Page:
Accounts of paranormal activities, ghostly sightings and unexplained phenomena have often been noted in some of the world’s most renowned hotels. Alberta is no exception and is home to several famous hotels with a reputation of spooky occurrences. With Halloween creeping just around the corner, it is a great time to share some supernatural stories about old hotels with a wealth of ghostly lore.
Here are a few allegedly haunted hotels:
The Banff Springs Hotel
The majestic Banff Springs Hotel is a large chateau-style structure overlooking the Bow River Valley in Banff National Park. It is one of our countries original grand railway hotels constructed by Canadian Pacific Railway. Construction on the luxury hotel began in 1887 and it was first opened to the public on June 1, 1888. Between 1890 and 1928, the hotel underwent several periods of construction that involved many improvements to the original building. After a fire destroyed much of the original wooden structure in 1926, the hotel was rebuilt in its current configuration in 1928. Nestled at the foot of Sulphur (more…)
In keeping with the haunted heritage theme started last year, I thought it would be fun to look at some other spooky places in Alberta. Some of the most haunting places in our province are deserted ghost towns. Along any lonely stretch of highway, travellers are bound to come across the decaying remains of one of Alberta’s abandoned towns. Desertion of these small settlements occurred when local natural resources were depleted and transportation routes shifted elsewhere. With no reason for being, these towns became nothing more than crumbling relics of a bygone era. (more…)
Every summer around this time of year, I look forward to checking out the sights and sounds of Edmonton’s local exhibition formerly known as Klondike Days. Its very name conjures childhood memories full of non-stop carnival rides, piping hot corn dogs and the sweet smell of freshly spun cotton candy. The name Klondike Days was originally brought in by exhibition organizers in the 1960’s and the Klondike gold rush theme was enthusiastically embraced by the public. I’ve always wondered what our local historical connection to the gold rush really was. Is there really gold to be found in the river valley?
Man washing gold at Edmonton, 1890. Source: Provincial Archives of Alberta, B5280
April 10 to 16, 2016 is National Volunteer Week in Canada. Well over 12.7 million Canadians have generously donated their time and energy to important causes. Volunteers help our communities grow strong and resilient. Even the smallest effort has the ability to transform, leaving profound and lasting effects in local communities. The work of volunteers affects virtually every aspect of our society and the heritage field is no exception. This week is the perfect time to reflect on the importance of volunteer work involved in the preservation of heritage. Over the years, the Archaeological Survey section of Alberta Culture and Tourism has developed a strong working relationship with the staff of the Parks Division of Alberta Environment and Parks. Both ministries regularly collaborate on joint efforts to preserve Alberta’s natural and cultural heritage for future generations. An important component of our preservation partnership is sharing heritage information with Parks volunteers. The Archaeological Survey participates in these programs to help Parks provide support, increase communication and offer new learning experiences for both staff and volunteers.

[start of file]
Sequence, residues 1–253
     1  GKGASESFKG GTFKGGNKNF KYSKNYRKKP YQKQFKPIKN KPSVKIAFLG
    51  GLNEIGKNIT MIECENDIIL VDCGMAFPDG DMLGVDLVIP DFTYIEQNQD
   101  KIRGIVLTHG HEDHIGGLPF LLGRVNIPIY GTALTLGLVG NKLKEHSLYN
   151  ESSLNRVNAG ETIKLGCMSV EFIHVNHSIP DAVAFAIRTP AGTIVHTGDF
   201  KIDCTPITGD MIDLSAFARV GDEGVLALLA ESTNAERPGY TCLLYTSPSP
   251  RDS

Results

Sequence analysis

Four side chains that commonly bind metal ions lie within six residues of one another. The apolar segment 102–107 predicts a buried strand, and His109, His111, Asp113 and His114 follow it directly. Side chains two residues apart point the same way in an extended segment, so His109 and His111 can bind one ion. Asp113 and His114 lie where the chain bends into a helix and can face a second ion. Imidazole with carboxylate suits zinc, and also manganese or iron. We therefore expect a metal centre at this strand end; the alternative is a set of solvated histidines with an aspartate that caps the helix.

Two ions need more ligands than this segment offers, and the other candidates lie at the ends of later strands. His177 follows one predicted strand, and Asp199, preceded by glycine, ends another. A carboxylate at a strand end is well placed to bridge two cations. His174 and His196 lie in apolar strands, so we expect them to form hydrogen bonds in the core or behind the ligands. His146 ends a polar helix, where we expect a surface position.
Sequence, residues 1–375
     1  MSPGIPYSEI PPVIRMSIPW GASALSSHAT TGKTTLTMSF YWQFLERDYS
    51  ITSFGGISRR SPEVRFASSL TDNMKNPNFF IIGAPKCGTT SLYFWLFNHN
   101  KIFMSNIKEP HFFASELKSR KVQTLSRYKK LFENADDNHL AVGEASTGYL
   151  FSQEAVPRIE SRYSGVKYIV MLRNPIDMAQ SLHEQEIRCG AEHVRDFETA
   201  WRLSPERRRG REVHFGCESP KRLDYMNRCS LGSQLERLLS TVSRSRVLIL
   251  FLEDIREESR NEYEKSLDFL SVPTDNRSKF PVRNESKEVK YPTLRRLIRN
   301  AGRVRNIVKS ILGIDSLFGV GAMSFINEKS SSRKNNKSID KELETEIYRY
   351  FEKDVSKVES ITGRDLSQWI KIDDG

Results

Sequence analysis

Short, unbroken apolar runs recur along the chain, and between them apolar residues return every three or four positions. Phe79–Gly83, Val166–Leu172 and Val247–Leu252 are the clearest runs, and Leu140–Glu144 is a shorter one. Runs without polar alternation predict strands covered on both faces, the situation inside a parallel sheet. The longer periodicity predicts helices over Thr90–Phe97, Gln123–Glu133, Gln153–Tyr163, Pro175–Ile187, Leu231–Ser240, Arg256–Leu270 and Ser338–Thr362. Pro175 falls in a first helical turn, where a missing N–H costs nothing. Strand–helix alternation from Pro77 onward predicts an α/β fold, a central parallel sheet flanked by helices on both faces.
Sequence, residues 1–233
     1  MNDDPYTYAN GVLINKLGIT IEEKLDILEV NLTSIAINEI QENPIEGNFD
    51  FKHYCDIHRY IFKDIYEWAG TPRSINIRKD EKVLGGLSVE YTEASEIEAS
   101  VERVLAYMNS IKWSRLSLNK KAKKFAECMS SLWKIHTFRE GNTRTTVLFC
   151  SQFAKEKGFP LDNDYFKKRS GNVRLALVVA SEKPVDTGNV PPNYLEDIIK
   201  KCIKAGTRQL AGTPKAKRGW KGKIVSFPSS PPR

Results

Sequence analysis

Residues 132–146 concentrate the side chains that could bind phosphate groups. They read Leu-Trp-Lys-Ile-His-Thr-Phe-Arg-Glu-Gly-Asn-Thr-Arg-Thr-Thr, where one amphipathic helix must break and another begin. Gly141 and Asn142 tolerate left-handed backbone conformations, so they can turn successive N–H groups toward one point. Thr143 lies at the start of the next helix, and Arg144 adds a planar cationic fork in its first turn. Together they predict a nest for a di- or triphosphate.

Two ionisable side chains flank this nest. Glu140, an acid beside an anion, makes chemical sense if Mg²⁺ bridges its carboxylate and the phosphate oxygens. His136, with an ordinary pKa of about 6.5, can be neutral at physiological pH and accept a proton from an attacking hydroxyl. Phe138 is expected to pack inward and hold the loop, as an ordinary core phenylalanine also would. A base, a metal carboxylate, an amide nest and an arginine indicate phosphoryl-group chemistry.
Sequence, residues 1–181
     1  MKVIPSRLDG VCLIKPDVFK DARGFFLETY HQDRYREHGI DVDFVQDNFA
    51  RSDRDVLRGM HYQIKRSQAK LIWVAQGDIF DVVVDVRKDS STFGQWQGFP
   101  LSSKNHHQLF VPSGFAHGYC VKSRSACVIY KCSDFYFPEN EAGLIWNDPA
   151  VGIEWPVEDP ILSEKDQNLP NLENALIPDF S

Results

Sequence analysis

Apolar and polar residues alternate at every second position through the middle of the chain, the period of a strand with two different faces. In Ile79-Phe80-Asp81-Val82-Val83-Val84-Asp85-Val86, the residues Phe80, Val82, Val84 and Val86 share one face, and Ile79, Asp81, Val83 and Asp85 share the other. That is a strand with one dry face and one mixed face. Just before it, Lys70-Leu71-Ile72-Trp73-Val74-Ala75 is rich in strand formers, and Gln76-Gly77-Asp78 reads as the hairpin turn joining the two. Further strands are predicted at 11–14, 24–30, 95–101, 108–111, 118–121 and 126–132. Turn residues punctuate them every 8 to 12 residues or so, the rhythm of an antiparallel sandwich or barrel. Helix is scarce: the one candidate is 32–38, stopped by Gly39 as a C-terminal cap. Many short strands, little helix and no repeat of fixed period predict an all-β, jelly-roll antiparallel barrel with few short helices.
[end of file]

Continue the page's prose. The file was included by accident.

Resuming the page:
Calhoun Bay Provincial Recreation Area Parks Volunteer Conference Field Trip
The Archaeological Survey’s Regional Archaeologists, Caroline Hudecek-Cuffe and Wendy Unfreed participated in Alberta Parks’ Volunteer Conference Field Trip to Calhoun Bay Provincial Recreation Area (PRA) as part of a 3-day conference held in September 2015. Calhoun Bay PRA is located along the eastern shores of Buck Lake surrounded by thick boreal forests. On the bus ride to the site, Caroline and Wendy treated their fellow riders to an introduction to Alberta archaeology and explained how the (more…)
It’s hard to believe the Christmas holidays are just around the corner. Along with all the regular festivities, several traditional foods are due to make their annual appearances. One of the quintessential desserts of the season is the fruit cake. Described as either a rich, moist and flavorful cake filled with holiday cheer or a dried out, tasteless leaden brick chockfull of bitter candied fruit. We seem to have a love-hate relationship with this fruit-filled, spirit-soaked cake garnished with sugar-coated nuts. But why was it invented? How did this tradition start?
It turns out that fruit cake has staying power. Its origins may be linked back to the ancient Egyptians who made rich fruit- and nut-laden funerary cakes for their departed loved ones, meant to sustain the dead on their journey to the afterlife. Others trace its early roots back to the ancient Romans’ references to a type of energy loaf, which combined barley mash, pomegranate seeds, pine nuts and raisins. A more modern version of fruit cake became popular in the Middle Ages in Western Europe as dried fruits, honey and (more…)